Benjamin Banneker Association & NCTM

imagesNCTM San Francisco is fast approaching (April 13-16) and among the many things I am looking forward to is the opportunity to connect with the Benjamin Banneker Association (BBA) members at their 30th-year anniversary celebration. Casio is proud to help support this group that does so much work ensuring mathematics education equity and quality for students, in particular African-American students, through their work with leadership and professional development for teachers. For those of you unfamiliar with the BBA, they are a non-profit organization that strives to help provide the highest quality mathematics education so all students develop self-confidence, enthusiasm and perseverance in their own mathematical abilities. They have been supporting math education and teachers for 30 years, which is impressive, and we at Casio are excited to have the opportunity to support their endeavors a little more, as we believe strongly in quality math education and leveling the playing field for all students, something we strive to do by putting affordable technology into the hands of all students.

When I found out that I would get to be a part of the 30th-anniversary P.E.A.R.L. Reception and Celebration (Pursuing Excellence, Advocacy, and Revolutionary Leadership) I wanted to find out a bit more about who Benjamin Banneker (1731-1806) was and how this person represented what the BBA stood for – advocacy for math education. Benjamin Banneker (1731-1806) was a free black man, a self-educated mathematician, scientist and astronomer. He was well-known for the almanacs he published between 1792 – 1797, where he posted about medicines and medical treatment, astronomical calculations as well as opinion pieces, literature and tidal information used by fisherman. Here are several links that give more details about Benjamin Banneker and his accomplishments:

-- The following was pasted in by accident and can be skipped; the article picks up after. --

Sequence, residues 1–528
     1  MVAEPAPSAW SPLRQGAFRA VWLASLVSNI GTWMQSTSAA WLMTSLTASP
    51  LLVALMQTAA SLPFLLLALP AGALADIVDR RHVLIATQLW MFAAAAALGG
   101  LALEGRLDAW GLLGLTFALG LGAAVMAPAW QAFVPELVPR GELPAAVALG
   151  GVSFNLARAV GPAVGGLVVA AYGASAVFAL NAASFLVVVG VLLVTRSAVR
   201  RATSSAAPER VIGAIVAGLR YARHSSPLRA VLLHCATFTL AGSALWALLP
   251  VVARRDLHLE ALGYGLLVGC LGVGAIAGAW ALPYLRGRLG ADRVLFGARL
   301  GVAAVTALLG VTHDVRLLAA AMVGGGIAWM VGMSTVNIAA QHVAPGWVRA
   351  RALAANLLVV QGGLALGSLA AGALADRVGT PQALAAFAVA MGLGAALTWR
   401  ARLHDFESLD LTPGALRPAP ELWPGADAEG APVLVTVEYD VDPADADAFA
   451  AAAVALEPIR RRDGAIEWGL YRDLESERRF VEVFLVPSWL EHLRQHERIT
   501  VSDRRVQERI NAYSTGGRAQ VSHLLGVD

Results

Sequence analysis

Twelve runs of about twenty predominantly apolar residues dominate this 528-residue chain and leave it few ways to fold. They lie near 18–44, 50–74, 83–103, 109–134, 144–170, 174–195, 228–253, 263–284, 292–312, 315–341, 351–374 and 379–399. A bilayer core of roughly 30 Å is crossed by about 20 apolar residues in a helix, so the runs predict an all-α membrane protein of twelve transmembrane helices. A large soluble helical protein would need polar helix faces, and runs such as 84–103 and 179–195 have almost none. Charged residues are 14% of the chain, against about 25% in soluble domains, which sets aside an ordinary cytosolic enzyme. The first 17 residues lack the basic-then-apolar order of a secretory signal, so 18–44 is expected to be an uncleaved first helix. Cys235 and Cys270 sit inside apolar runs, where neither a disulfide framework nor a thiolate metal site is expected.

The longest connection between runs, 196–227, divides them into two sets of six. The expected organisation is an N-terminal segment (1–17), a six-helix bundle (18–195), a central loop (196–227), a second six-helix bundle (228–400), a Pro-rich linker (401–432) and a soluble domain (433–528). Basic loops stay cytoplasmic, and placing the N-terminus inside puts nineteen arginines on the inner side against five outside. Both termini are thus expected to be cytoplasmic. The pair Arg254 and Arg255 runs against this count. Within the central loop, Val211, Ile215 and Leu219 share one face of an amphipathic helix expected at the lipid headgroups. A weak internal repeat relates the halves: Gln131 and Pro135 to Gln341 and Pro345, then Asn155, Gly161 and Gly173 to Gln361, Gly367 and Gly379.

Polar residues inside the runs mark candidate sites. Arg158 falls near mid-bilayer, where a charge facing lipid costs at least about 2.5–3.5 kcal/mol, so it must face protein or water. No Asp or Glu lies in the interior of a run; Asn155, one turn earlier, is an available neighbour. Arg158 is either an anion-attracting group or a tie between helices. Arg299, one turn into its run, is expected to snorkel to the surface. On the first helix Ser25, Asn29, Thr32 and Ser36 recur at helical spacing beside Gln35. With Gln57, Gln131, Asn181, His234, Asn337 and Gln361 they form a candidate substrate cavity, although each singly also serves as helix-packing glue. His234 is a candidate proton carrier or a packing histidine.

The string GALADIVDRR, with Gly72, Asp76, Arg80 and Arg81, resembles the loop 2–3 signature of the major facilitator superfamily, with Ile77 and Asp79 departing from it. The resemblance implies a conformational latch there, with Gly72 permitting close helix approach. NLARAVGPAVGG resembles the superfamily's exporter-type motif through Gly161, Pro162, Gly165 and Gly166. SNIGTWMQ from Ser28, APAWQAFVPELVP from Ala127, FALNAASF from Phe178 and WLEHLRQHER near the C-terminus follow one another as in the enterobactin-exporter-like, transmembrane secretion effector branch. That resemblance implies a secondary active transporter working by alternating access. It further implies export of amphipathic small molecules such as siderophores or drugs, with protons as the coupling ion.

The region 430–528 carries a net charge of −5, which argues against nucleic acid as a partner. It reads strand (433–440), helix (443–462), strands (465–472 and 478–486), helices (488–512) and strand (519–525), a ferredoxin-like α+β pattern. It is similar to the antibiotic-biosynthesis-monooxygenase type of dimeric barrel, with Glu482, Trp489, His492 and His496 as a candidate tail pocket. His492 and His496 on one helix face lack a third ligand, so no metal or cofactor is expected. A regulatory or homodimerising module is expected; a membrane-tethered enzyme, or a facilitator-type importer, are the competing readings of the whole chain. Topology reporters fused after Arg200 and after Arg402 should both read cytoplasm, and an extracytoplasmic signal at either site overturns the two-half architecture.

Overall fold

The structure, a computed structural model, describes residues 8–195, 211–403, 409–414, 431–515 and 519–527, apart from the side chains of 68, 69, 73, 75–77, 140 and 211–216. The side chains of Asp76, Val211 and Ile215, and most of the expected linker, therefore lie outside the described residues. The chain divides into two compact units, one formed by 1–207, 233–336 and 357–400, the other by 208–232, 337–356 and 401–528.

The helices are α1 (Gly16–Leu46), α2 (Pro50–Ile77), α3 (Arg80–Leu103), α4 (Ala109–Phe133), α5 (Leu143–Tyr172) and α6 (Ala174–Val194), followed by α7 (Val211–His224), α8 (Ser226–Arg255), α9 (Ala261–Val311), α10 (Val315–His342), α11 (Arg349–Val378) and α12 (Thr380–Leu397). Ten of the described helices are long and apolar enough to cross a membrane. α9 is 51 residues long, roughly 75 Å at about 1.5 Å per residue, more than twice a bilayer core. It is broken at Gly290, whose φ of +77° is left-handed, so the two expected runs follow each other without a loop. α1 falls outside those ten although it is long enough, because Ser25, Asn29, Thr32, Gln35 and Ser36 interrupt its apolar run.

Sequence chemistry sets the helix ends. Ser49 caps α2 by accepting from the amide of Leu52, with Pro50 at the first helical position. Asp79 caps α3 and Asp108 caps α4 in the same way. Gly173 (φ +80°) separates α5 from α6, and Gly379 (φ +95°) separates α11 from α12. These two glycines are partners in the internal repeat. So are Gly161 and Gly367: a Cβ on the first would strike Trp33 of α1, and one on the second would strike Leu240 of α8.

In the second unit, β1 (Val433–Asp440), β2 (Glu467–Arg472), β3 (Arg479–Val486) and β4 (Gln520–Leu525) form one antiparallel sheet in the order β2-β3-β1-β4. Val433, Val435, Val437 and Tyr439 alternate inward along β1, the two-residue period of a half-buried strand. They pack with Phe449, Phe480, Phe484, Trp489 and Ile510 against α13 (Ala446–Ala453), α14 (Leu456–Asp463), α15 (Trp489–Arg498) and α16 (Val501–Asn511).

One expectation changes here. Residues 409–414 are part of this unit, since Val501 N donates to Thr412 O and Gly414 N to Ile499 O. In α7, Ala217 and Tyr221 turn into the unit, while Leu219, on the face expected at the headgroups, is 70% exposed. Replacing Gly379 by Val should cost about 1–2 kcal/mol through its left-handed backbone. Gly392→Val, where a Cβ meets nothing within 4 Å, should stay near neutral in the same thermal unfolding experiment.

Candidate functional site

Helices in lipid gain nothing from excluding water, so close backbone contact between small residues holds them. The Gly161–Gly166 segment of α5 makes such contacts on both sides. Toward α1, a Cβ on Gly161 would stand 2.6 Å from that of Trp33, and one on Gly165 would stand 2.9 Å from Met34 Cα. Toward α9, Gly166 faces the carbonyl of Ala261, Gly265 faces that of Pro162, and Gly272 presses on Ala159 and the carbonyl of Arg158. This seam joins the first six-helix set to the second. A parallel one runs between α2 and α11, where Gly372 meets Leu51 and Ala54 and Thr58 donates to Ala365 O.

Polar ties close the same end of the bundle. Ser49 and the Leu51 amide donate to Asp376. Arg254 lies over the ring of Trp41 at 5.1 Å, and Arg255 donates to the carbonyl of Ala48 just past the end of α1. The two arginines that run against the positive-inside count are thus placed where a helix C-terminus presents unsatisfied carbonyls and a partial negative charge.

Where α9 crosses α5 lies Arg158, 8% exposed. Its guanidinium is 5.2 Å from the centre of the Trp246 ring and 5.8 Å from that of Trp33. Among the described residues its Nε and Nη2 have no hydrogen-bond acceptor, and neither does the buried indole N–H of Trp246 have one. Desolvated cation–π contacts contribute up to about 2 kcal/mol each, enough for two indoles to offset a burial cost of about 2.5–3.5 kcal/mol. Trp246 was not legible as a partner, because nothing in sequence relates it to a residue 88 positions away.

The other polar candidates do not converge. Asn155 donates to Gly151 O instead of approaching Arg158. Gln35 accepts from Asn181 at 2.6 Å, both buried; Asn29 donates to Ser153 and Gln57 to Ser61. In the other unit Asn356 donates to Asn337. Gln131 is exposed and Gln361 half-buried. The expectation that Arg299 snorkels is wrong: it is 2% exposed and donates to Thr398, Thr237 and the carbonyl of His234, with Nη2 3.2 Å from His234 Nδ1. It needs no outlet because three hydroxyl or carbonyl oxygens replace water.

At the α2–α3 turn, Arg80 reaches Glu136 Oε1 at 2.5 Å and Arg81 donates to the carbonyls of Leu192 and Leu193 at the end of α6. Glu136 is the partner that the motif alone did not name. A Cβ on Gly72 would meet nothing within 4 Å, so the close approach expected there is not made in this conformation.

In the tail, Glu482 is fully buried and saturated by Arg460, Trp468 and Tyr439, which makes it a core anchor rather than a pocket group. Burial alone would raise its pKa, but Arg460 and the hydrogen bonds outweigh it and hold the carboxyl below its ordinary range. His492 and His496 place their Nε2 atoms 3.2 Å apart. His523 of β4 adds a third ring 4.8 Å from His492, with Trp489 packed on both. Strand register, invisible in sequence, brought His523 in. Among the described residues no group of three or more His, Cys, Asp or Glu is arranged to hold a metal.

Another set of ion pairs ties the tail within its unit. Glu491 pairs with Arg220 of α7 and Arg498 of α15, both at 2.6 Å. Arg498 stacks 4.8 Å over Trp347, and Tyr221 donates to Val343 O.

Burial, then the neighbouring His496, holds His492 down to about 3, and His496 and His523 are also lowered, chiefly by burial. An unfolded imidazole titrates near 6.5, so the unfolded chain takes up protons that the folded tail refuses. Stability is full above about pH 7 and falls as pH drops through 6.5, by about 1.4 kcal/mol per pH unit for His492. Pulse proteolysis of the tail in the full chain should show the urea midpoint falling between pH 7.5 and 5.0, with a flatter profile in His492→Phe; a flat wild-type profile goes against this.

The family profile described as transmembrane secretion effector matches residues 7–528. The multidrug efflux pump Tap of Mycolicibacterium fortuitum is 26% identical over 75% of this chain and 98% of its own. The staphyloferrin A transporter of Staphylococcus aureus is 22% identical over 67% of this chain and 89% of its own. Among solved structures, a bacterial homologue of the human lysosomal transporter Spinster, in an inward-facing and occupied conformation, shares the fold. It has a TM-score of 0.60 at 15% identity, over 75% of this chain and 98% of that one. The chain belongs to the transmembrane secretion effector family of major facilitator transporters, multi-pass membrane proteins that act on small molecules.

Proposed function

1. http://www.biography.com/people/benjamin-banneker-9198038#synopsis
  2. http://www.americaslibrary.gov/jb/colonial/jb_colonial_banneker_1.html
  3. http://www.black-inventor.com/Benjamin-Banneker.asp

The accomplishments that stood out the most for me were the following:download

  • Banneker invented America’s first clock in the 1752. Wow! The story goes that he borrowed a pocket-watch from an acquaintance, took it apart to study it’s parts and how it worked, put it back together and returned it. Then he built a clock, based on what he had learned from the watch, made completely out of wood. The clock was precise and worked for more than 50 years. And it was made out of wood!
  • He correctly predicted the 1789 solar eclipse, and his correct prediction contradicted those of well-known mathematicians and astronomers.  This from a self-taught man.
  • He wrote to Thomas Jefferson, while Jefferson was Secretary of State, in support of civil rights for African-Americans and to dispel the beliefs about the intelligence of the black man and to push for viewing African-Americans as more than slaves. His letter chided Jefferson and others for thinking slaves and blacks as “less” , and included a copy of his almanac to prove his point. He also called the leaders hypocritical, when they were fighting oppression and enslavement by England when they themselves were enslaving African-Americans.  It was a powerful letter, and one that Jefferson was so moved by, he actually responded and also forwarded Banneker’s almanac to the Secretary of the French Academy of Sciences “because I considered it as a document to which your whole colour had a right for their justification against the doubts which have been entertained of them.”
  • Banneker was recommended by Jefferson to be part of the surveying team that laid out Washington, D. C., our Nations Capital. (which is depicted in the picture I put at the top of this post).

The BBA has chosen a person who valued education, so much so that he taught himself much of what he learned and then passed it along to others through his writings and almanacs.  He fought for equality and recognition for the African-American, standing up to powerful leaders like Thomas Jefferson at a time where he could have been at great risk. He helped build our nation – from the first clock to the laying out of our Nations Capital. A powerful leader, always learning, always sharing his knowledge to help others, and always striving to bring equality and recognition to African-Americans. The BBA is celebrating 30-years of continuing Benjamin Banneker’s vision. Congratulations! I know I speak for Casio when I say we are glad we can be a part of this and hope that our continued support will help BBA, and the teachers and students they touch, reach their goals going forward.